Thursday, October 13, 2011

Key Concepts: Release = Reward

When I first started thinking about working with Starbuck, there was one thing which I kept wondering.  How can I get her to do what I want her to do?  And what's more, how to make sure that she always does it when prompted by a hopefully invisible cue?  As with pretty much everything in this world there are different methods and different opinions, from brute force or tiedowns and habit (like this little guy above) to using treats or a clicker for positive reinforcement.  However the trainers whose methods most appeal to me (John Lyons, Monty Roberts, Elizabeth de Corbigny, Ron MeredithClinton Anderson or Pat Parelli to name a few) have found that negative reinforcement seems to be the method that horses find most logical and easy to follow.  In this post I'll try to condense some of their ideas in a way which seems to me to be simple to understand.
Although the phrase "negative reinforcement" sounds like punishment whereas "positive reinforcement" is the giving of rewards, nothing could be further from the truth.  Wikipedia defines negative reinforcement means "the taking away of an aversive stimulus to increase certain behavior or response" and as a matter of fact the above mentioned trainers counsel against ever punishing a horse unless they're being agressive towards you.  In the case of horse training, the aversive stimulus is pressure, for example from a rein or your leg if you're riding or from a rope, your hand or a crop if you're on the ground.  So what you do is set up a situation where the pressure you create is logical to the horse and as soon as they even so much as try to do what you want them to do, release.  Then you repeat until the pressure becomes a cue that the horse will respond to every time you give it.  Once a cue is truly learned and the horse is never permitted to ignore it, the horse should respond in any situation no matter how stressful or unusual.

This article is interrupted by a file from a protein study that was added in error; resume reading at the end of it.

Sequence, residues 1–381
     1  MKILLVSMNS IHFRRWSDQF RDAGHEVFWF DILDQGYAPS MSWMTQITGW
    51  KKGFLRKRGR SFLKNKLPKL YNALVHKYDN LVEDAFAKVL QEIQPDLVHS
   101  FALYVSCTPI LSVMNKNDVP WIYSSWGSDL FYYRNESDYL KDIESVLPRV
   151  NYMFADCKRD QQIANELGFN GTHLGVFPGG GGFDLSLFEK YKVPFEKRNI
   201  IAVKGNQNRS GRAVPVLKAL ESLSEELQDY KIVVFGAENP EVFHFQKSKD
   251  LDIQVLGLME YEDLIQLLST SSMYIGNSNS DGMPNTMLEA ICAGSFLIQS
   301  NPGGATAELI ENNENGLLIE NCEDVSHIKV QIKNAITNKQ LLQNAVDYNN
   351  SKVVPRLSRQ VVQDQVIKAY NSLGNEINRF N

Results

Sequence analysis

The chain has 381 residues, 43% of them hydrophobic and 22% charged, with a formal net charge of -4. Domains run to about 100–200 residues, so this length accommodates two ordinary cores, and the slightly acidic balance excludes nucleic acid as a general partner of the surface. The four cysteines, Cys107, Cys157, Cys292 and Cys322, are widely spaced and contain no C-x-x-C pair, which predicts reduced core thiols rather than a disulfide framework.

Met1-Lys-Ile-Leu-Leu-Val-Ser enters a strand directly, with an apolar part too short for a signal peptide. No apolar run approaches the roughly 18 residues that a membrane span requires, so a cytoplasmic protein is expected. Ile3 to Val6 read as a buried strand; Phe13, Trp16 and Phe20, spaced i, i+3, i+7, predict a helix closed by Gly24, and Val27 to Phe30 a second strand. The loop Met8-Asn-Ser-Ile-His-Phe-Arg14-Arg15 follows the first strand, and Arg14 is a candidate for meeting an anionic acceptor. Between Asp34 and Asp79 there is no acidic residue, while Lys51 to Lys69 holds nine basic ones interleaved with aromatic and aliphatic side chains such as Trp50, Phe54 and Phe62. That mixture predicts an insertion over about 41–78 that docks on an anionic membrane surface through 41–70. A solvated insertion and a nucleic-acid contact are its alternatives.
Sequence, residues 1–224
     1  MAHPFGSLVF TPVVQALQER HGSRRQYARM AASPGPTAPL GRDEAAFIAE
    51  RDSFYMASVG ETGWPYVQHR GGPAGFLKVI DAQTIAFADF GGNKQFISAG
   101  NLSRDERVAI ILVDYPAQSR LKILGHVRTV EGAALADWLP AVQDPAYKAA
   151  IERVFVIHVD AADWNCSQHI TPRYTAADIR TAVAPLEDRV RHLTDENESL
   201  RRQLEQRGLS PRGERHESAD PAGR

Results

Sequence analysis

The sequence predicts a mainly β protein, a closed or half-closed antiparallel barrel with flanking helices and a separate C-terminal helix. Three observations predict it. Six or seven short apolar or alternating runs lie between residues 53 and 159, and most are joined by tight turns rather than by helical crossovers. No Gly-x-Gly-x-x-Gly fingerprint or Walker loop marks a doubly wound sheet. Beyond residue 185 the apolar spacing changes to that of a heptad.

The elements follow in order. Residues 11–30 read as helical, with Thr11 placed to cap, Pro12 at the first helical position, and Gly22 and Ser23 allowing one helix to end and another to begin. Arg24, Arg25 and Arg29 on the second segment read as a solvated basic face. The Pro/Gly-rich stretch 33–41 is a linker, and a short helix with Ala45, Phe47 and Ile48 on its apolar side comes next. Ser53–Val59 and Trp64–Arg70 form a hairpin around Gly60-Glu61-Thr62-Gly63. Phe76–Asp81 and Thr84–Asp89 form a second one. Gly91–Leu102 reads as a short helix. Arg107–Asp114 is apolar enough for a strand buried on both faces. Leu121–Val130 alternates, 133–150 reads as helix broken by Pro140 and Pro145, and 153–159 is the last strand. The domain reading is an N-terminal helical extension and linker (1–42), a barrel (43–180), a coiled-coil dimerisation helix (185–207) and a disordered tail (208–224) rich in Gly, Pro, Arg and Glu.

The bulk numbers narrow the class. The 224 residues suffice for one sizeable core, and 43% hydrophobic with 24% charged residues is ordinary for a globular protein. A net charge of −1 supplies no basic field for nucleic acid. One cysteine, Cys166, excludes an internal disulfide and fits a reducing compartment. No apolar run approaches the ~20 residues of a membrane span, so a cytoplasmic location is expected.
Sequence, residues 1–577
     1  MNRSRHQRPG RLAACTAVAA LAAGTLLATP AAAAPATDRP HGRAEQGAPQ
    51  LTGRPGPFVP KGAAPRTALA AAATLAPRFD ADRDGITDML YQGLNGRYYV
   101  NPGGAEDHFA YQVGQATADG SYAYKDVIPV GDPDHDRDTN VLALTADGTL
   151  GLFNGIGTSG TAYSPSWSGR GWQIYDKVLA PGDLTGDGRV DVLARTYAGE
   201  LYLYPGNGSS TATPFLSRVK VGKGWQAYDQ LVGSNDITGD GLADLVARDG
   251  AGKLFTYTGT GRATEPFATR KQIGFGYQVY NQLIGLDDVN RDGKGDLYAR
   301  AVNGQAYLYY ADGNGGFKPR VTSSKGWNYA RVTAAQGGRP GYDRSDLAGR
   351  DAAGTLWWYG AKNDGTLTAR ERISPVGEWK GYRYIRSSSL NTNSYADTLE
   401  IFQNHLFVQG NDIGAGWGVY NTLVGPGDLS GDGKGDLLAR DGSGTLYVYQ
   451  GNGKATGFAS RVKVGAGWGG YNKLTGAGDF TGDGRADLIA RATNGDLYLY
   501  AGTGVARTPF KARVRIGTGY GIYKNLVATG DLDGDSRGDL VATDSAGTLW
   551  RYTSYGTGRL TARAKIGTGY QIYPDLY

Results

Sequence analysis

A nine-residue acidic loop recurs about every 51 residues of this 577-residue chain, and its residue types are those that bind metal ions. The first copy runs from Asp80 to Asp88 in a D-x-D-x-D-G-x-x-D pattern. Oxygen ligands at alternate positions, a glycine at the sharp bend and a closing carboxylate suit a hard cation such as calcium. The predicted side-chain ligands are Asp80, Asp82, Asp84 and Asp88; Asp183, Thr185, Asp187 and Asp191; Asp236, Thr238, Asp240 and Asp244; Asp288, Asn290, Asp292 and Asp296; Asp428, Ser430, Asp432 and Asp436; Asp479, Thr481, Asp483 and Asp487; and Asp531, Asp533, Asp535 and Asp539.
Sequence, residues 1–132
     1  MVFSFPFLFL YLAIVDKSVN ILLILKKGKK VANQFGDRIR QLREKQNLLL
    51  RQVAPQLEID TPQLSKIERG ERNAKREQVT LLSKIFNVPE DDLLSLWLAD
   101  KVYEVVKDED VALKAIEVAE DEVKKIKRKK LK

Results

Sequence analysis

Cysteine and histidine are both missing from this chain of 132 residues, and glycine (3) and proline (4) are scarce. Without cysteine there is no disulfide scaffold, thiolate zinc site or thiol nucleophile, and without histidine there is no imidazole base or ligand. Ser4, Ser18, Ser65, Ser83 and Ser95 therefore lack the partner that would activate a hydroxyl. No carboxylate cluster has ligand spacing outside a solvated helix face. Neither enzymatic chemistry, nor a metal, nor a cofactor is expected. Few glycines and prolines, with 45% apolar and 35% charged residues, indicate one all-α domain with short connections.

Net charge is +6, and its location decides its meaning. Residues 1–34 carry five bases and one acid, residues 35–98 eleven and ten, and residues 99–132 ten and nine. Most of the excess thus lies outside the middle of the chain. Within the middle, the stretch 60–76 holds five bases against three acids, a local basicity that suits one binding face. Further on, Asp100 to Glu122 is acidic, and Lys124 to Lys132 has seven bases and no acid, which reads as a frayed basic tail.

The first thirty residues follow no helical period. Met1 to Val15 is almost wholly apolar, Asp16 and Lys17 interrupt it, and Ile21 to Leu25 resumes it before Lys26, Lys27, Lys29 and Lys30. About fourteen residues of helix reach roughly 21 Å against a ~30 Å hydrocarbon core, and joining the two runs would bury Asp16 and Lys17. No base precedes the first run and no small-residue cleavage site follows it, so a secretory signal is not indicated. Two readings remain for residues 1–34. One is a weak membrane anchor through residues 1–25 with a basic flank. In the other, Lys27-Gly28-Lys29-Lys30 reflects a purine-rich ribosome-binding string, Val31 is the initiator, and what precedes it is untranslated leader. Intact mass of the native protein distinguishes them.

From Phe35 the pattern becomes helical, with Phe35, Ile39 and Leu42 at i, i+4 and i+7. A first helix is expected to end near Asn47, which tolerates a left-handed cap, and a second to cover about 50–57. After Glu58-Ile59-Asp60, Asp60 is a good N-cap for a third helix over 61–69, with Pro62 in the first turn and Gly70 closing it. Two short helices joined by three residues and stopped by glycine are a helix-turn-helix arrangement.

A good example is what I'm currently teaching Starbuck, which is to yield her hindquarters (turn her back legs in a circle while keeping her front feet in more or less one place-- this is an important building block skill for the one-rein stop as well as lateral movement).  So what I'm doing is first flexing her head toward me slightly and then putting pressure on her side with the back of my hand (more or less where the foot is in this image):
At first I use extremely light pressure then increase by stages (Pat Parelli calls these phases "Fly, Mosquito, Blackbird and Eagle") until I'm using a slightly annoying pressure that she can't ignore for very long.  As soon as I get the result I want, I immediately remove the pressure by taking my hand away.  The first times we tried this, I released as soon as she even shifted her weight away from the pressure so she would know she was on the right track.  After she got consistent at taking one step with light pressure I started asking for more steps before releasing and now we're up to about half a circle.  Eventually I'll work up to a full circle, then will start working on asking her front legs to lift and lower in the same place and finally will try to do this in more and more strange or stressful surroundings.

The most important thing is to apply pressure gradually but release immediately, that way the horse not only learns to do what you ask but to do so with the lightest pressure (cues) possible.  As a matter of fact, after she's done well for about 10 - 15 minutes I reward her in the same way by removing any psychological pressure and letting her take a little break.  And the best thing about it is that it's a method which can be applied in any situation whatsoever: for instance if I'm trying to use a fly spray and she's jumping around I maintain the fly spray near her until she calms down and stands still, then take it away, thus "rewarding" her for standing still by "releasing" the fly spray.

So can the negative be positive?  In the case of negative reinforcement, I would say yes!  Of course, positive reinforcement ("pats on the back") is important too and something I use constantly, but generally after she's figured out how to find her release :D

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